By Shalvi Singh, WBNUJS, Kolkata.

Department of Empowerment of Persons with Disabilities (DEPwD), Ministry of Social Justice and Empowerment, formulated the Accessible India Campaign as a nation-wide campaign for achieving universal accessibility for People with Disabilities (PwDs). Consequently, the government on 3rd December 2015 (which is also celebrated as the International Day of Persons with Disabilities) launched the Accessible India Campaign (Sugamya Bharat Abhiyan).

The Accessible India Campaign is a 5-year initiative that aims at making public spaces, transport (airports and railway stations), tourist places, and information and communication technology in India differently-able friendly. It also seeks to make at least 50% of all government buildings in the national capital and all state capitals ‘fully accessible’ for the differently abled people by July 2018. As the present campaign only involves making government buildings accessible, the government also plans to release an ‘Accessible Index’ which would rate the public and private companies for disabled friendly initiatives being undertaken by them. Thus, the companies would be incentivised to take up disable friendly initiatives. Credits would be given to the companies for building disabled-friendly office buildings, investing in training and career development of the disabled staff, enrolling disabled persons, and the quality of facilities being provided to them. In addition to this, the government also aims at making television viewing accessible by compulsorily requiring that 25% of the programmes telecasted on Doordarshan are disabled friendly.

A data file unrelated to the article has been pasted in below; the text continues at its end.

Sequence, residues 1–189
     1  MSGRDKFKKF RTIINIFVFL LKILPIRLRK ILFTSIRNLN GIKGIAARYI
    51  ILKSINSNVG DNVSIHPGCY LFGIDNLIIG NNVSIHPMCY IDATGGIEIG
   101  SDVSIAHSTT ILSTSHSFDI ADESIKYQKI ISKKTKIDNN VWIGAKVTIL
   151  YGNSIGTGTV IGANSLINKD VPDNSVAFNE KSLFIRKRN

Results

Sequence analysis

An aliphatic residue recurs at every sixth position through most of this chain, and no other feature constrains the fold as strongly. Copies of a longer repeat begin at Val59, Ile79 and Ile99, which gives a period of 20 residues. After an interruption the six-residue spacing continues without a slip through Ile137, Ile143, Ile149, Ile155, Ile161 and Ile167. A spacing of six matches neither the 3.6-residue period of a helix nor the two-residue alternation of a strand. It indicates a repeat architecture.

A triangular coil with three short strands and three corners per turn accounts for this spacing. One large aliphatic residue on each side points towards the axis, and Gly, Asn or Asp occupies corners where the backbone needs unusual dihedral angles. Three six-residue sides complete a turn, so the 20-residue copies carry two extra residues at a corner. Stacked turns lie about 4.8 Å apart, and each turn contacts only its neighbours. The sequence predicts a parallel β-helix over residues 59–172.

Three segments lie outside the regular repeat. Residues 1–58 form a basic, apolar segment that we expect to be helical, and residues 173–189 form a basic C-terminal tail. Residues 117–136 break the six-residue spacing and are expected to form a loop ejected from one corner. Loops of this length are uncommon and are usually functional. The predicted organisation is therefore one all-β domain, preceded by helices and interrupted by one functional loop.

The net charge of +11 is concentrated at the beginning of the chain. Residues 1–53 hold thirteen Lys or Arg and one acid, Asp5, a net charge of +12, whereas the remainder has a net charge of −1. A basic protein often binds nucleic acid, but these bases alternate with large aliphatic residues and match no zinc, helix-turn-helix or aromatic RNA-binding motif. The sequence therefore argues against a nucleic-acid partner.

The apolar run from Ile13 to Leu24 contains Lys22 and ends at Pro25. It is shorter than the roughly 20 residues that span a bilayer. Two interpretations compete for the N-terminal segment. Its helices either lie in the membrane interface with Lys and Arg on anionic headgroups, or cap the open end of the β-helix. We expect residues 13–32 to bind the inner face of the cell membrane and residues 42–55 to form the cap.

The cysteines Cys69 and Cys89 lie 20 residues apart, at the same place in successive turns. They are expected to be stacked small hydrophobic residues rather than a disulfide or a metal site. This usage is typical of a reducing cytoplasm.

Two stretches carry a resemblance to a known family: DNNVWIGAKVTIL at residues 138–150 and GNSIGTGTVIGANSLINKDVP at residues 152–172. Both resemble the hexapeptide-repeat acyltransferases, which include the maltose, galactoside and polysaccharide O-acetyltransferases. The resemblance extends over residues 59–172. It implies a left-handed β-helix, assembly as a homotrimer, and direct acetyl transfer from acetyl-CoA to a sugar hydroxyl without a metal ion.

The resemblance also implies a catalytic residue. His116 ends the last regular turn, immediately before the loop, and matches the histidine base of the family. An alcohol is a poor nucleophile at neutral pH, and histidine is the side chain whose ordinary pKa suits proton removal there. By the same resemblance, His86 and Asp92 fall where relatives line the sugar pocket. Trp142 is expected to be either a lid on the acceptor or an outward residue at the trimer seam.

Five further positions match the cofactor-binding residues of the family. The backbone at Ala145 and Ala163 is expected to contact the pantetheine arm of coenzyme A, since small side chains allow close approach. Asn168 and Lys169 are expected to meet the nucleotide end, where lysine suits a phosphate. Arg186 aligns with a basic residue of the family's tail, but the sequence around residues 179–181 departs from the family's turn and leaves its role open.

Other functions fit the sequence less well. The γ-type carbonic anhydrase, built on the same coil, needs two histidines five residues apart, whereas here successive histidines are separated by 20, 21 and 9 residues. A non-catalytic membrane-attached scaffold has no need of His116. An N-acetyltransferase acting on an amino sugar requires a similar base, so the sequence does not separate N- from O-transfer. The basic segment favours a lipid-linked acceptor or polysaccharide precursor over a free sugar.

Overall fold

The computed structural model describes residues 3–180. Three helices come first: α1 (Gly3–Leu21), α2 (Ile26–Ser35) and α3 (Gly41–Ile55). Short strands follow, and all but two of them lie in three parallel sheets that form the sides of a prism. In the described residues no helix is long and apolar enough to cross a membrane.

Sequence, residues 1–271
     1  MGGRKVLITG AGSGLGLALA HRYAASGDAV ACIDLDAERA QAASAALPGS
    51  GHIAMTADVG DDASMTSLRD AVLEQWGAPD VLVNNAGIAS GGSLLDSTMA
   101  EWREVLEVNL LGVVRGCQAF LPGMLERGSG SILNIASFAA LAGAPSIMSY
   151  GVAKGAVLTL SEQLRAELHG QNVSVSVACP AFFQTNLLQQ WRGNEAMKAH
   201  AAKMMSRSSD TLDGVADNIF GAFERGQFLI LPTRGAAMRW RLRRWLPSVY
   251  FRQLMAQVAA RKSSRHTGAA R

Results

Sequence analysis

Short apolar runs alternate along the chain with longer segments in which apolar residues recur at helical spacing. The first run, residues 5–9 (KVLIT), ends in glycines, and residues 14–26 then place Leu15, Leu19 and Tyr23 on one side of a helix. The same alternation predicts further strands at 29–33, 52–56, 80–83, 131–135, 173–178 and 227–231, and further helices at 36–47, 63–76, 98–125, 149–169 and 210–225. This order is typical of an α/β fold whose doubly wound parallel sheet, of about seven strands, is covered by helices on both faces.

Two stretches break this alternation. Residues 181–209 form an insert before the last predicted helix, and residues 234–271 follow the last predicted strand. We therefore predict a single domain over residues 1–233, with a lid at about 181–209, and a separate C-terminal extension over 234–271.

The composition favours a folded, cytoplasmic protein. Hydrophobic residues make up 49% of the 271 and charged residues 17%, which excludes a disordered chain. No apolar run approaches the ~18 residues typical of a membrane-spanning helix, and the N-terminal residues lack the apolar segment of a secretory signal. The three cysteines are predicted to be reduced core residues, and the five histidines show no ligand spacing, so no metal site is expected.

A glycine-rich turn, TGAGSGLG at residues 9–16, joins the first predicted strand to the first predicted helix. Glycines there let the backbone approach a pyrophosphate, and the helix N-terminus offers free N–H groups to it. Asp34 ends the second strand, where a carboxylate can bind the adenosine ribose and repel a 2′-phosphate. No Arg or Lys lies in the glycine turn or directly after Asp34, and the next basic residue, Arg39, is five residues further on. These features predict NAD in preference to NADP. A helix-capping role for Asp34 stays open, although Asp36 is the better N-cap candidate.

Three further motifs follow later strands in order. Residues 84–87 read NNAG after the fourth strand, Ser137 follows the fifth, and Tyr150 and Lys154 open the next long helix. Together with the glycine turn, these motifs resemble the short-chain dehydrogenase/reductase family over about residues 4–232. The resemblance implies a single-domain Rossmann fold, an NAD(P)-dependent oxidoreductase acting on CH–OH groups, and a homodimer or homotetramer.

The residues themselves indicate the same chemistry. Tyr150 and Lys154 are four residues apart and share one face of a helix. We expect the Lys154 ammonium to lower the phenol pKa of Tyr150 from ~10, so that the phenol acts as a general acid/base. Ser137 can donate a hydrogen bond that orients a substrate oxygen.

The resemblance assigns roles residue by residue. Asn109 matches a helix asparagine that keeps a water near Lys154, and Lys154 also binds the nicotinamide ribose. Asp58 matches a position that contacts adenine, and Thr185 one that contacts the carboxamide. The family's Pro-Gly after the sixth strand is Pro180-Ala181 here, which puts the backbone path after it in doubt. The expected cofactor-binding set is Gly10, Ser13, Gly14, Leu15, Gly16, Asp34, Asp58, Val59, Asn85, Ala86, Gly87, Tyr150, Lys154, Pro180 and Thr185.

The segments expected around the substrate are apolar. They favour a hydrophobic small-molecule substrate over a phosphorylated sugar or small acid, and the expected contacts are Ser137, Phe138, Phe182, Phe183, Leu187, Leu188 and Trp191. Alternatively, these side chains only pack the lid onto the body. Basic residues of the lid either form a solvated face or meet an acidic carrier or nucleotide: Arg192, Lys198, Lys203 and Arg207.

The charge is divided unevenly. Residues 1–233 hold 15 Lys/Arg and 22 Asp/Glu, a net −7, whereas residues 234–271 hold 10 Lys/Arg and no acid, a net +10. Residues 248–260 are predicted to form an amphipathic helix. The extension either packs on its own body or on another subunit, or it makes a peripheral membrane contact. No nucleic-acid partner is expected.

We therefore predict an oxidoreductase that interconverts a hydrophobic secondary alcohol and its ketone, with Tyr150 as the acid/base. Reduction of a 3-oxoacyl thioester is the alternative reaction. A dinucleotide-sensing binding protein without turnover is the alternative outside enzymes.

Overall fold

NEED FOR ACCESSIBILITY

In this age of Digital India, we overlook the fact that a differently abled person in India still has no access to a railway ticket counter or an online passport appointment. Besides, developmental schemes for disabled persons find no mention in the party portfolios due to the sheer indifference of political parties towards the differently-abled people. Only 2% of disabled people in India are self-dependent. Also, many of our government’s vocational training classes for disabled people are obsolete. They are still taught low waged works like cane weaving and envelope making. Hence, a need arises to build an inclusive society where every person is able to participate fully in all aspects of life and live a normal life. Universal accessibility is critical for giving equal opportunity to the differently abled people so that they are able to live their life independently and comfortably.

The Accessible India Campaign is a commendable step towards achieving a ‘society for all’. As per the Census 2011 data released by the Office of the Registrar General and Census Commissioner, 2.6 crore people in India are differently-abled. This constitutes about 2.21% of the population of the country (though this data is misleading as a considerable number of cases go unreported because the families do not want to disclose that one of their family members is disabled and also not all types of disabilities were recognised while taking the census). Considering that such a large part of the population consists of differently-abled people, there is a need to provide them accessibility. But surprisingly, it was more of an accident rather than intention that the government learnt about the accessibility problem being faced by the disabled people.